Appropriate criteria were used to assess trial quality. Statistical heterogeneity was assessed and appropriate methods were used to pool the results. The authors acknowledged that the review included patients with three types of cancers which were not the most common, so the findings may be not generalisable to patients with other types of cancers.

The authors' conclusions were supported by the data identified. However, these conclusions should be interpreted with caution, given the possibility of missing potentially relevant studies, the risk of language bias and the limited quality of included trials.

Implications of the review for practice and research

Practice: The authors stated that the findings from this review provided a unique window to oncologists and patients to address time-sensitive issues.

Research: The authors stated that further clinical trials with a large sample size for specific cancer types (e.g. breast and colon cancer) were required to provide a definitive answer on whether delaying treatment had an adverse effect on survival for cancer patients.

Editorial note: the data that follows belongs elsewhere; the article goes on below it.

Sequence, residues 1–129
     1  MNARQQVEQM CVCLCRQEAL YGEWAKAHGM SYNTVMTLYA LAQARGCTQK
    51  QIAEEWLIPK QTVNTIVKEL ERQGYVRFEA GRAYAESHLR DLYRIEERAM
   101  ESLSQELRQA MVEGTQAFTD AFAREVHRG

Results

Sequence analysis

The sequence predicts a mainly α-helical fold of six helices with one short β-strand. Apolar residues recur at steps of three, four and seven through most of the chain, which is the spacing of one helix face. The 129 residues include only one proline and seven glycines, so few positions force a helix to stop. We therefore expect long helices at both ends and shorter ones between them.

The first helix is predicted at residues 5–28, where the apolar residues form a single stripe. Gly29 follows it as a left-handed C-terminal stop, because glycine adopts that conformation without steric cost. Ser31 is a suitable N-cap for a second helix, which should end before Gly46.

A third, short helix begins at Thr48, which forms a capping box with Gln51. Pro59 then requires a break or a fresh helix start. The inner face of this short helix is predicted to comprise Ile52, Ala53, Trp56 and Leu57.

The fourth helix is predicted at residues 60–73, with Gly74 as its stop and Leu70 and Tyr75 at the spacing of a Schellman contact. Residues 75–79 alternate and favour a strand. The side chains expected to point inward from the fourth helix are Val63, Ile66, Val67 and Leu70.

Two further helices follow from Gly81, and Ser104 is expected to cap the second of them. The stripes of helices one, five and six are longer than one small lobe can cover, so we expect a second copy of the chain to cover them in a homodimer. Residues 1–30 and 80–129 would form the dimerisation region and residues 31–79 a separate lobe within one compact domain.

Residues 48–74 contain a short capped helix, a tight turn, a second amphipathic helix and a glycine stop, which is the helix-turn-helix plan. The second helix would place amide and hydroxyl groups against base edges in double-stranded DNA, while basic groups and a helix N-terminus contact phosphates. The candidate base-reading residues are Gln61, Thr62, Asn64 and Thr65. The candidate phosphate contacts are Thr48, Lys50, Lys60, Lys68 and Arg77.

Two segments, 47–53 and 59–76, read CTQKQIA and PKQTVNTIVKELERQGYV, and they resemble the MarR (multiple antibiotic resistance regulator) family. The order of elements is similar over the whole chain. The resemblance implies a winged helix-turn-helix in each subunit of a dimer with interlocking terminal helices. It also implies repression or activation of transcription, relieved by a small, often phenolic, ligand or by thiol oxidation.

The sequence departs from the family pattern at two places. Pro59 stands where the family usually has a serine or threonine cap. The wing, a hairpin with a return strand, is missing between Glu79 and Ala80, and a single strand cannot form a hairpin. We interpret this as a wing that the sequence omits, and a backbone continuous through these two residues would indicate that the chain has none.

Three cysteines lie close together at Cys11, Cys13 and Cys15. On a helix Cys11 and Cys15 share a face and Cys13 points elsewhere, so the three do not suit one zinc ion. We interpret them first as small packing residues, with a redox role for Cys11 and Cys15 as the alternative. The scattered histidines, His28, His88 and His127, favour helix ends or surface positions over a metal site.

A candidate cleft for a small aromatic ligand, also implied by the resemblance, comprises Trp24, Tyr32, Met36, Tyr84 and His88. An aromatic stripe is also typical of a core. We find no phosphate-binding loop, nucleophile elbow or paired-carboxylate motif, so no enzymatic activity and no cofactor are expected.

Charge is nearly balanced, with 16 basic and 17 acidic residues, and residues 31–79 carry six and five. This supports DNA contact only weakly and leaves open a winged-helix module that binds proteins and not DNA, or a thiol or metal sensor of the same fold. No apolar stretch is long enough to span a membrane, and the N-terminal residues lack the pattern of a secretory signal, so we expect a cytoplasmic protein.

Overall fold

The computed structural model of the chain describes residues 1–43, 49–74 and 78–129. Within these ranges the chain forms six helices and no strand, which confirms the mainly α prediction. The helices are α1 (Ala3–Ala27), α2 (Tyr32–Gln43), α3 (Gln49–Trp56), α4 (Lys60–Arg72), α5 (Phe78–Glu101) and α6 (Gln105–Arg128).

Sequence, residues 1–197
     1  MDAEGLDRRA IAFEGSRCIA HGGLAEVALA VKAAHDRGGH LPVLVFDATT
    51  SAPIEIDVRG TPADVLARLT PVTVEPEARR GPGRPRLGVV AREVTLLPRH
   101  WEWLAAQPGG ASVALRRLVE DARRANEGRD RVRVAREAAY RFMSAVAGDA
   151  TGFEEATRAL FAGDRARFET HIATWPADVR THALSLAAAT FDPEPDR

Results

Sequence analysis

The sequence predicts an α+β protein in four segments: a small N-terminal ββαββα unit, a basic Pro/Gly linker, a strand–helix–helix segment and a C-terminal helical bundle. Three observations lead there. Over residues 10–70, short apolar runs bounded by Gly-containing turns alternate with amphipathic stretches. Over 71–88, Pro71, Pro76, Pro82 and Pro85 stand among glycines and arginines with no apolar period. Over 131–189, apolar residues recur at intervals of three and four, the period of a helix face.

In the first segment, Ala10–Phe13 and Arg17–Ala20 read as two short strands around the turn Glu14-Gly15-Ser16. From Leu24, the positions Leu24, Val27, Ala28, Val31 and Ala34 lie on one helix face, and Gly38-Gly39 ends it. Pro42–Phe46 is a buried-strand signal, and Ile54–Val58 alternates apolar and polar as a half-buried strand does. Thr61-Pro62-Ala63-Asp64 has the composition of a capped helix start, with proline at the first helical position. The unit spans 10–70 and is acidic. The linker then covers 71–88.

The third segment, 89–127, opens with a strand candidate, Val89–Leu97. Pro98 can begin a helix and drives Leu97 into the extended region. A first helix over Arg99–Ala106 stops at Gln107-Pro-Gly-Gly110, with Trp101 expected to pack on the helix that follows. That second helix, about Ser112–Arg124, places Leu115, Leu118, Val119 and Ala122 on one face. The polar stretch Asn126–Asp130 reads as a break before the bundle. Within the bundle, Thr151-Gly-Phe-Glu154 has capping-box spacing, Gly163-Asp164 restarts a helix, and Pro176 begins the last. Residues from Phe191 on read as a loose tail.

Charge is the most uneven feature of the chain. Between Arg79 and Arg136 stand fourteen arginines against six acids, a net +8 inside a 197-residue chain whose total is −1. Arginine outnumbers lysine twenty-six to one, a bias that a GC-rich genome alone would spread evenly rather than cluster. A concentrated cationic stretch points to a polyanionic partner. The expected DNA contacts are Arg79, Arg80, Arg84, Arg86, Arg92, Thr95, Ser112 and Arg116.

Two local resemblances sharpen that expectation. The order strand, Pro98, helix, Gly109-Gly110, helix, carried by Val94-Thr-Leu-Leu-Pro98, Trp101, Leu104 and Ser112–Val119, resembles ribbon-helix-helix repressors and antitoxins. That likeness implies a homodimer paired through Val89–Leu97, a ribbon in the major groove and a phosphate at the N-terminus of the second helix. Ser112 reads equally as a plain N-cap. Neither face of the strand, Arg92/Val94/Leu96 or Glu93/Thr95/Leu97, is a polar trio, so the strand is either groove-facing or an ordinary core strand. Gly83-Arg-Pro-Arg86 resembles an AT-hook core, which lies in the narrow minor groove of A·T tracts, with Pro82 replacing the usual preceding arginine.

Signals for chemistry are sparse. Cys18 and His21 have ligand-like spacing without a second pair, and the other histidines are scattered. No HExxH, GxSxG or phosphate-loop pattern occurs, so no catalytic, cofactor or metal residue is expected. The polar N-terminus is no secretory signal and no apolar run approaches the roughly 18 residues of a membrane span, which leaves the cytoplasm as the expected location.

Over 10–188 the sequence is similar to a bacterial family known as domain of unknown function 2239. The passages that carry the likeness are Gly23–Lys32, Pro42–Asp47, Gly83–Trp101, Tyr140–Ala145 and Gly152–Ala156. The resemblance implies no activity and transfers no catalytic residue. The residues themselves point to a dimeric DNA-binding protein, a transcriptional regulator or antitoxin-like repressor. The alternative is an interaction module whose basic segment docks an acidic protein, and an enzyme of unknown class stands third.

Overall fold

Funding

None.

Bibliographic details

Mhaskar AR, Quinn G, Vadaparampil S, Djulbegovic B, Gwede CK, Kumar A. Timing of first-line cancer treatments - early versus late: a systematic review of phase III randomized trials. Cancer Treatment Reviews 2010; 36(8): 621-628. [PubMed: 20444550]

Indexing Status

Subject indexing assigned by NLM

MeSH

Antineoplastic Combined Chemotherapy Protocols /therapeutic use; Clinical Trials, Phase III as Topic; Disease-Free Survival; Female; Humans; Leukemia, Lymphocytic, Chronic, B Cell /mortality /pathology /therapy; Lung Neoplasms /mortality /pathology /therapy; Male; Multiple Myeloma /mortality /pathology /therapy; Neoplasms /mortality /pathology /therapy; Prognosis; Prostatic Neoplasms /mortality /pathology /therapy; Radiotherapy, Adjuvant; Risk Assessment; Survival Analysis; Time Factors; United States

AccessionNumber

12010008072

Database entry date

07/12/2011

Record Status

This is a critical abstract of a systematic review that meets the criteria for inclusion on DARE. Each critical abstract contains a brief summary of the review methods, results and conclusions followed by a detailed critical assessment on the reliability of the review and the conclusions drawn.

CRD has determined that this article meets the DARE scientific quality criteria for a systematic review.

Copyright © 2014 University of York.

PMID: 20444550